How much sleep do I need?
The amount of sleep a person needs to have each night to keep them alert
and restore their body differs hugely with their age.
Infants have an overall greater total sleep time than any other age group.
A newborn's total sleep duration in one day is usually between 14 and 16 hours,
although this is broken into many short sleeps.
Over the first 6 months or so of life, infants' sleep requirements change
substantially, and by the fifth or sixth month of life most infants will have
one main sleep at night and a shorter sleep period during the day.
Pre-adolescent children require about 9 hours of sleep overall, whereas
most teenagers and young adults require at least ten hours for full physical
replenishment. It should be noted that recent studies have found that not only
do teenagers require more sleep than adults or younger children, they
require it at different times of the day. There is evidence that the natural
time for a teenager or young adult to begin sleeping is much later than at any
other point in their life, at 11pm or later.
Adults seem to need about 8 to eight and a half hours of sleep per night.
I don't get that much sleep, but I feel fine.
Perhaps you are fine. But perhaps you are just fooling yourself.
The Epworth Sleepiness Scale was designed for people to test themselves to
see whether they might be suffering from sleep deprivation. Give each activity a
score based on how likely you would be to doze during it.
0 = Would never doze
1 = Slight chance of dozing
2 = Moderate chance of dozing
3 = High chance of dozing
A score of greater than 10 is a definite cause for concern as it indicates significant excessive daytime sleepiness.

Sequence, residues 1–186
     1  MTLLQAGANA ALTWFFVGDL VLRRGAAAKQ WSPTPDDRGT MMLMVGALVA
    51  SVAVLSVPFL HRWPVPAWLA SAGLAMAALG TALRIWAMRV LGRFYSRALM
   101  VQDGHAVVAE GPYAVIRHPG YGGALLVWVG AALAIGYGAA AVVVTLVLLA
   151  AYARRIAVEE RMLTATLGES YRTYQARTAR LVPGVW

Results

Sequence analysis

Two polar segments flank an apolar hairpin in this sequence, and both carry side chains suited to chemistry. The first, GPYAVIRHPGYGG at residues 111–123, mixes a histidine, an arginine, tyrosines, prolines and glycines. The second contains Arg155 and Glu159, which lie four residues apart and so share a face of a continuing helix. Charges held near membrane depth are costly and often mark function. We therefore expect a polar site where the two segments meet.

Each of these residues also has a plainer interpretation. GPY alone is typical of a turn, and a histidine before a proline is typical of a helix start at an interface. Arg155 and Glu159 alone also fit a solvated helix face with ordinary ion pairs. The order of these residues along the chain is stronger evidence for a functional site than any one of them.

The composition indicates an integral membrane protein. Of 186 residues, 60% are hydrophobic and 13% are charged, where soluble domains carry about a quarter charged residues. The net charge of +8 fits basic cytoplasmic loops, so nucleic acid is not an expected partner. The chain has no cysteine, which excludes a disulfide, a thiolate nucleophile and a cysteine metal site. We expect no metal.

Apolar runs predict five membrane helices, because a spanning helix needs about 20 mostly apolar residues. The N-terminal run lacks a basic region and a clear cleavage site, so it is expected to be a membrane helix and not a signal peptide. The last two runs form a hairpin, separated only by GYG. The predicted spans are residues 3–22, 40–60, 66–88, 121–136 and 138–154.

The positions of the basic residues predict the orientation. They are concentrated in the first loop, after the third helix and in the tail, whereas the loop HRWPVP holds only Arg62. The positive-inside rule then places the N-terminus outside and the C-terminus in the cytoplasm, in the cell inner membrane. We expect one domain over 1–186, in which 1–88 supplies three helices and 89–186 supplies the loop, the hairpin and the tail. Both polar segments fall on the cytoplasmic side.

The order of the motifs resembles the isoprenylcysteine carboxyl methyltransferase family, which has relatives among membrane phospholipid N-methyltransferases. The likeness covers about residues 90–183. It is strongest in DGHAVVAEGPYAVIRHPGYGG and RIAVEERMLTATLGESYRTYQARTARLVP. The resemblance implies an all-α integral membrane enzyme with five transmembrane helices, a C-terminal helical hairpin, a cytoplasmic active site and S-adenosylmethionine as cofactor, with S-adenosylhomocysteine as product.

What happens if I don't get enough sleep?
Our sleep patterns are set by an internal clock referred to as a circadian
clock, which regulates body temperature, hormone levels, heart rate and
other vital body functions. When a person suffers from chronic sleep
deprivation, these functions soon become impaired. A person in this state is
also likely to have their mood, memory and concentration levels
Some of the effects of sleep deprivation are:
With decreased sleep, higher-order cognitive tasks are affected early and disproportionately. Tests requiring both speed and accuracy demonstrate considerably slowed speed before accuracy begins to fail.
Why does it happen?
Of course, the most common cause of sleep deprivation is simply not sleeping
enough due to being too busy or having your sleep interrupted,
particularly for parents of infants, shift workers and people who travel a
Some of the other causes of sleep deprivation are?
What can I do about it?
If you are suffering from sleep deprivation, try to rearrange your schedule
to allow you a little more sleep. Ensure your sleeping place is a restful one
with a comfortable mattress, good air circulation and protection from unwanted
light and noise.
If practicable, have a short sleep during the afternoon (between 2pm and 6pm
is best, as the body is at a naturally low ebb during this time).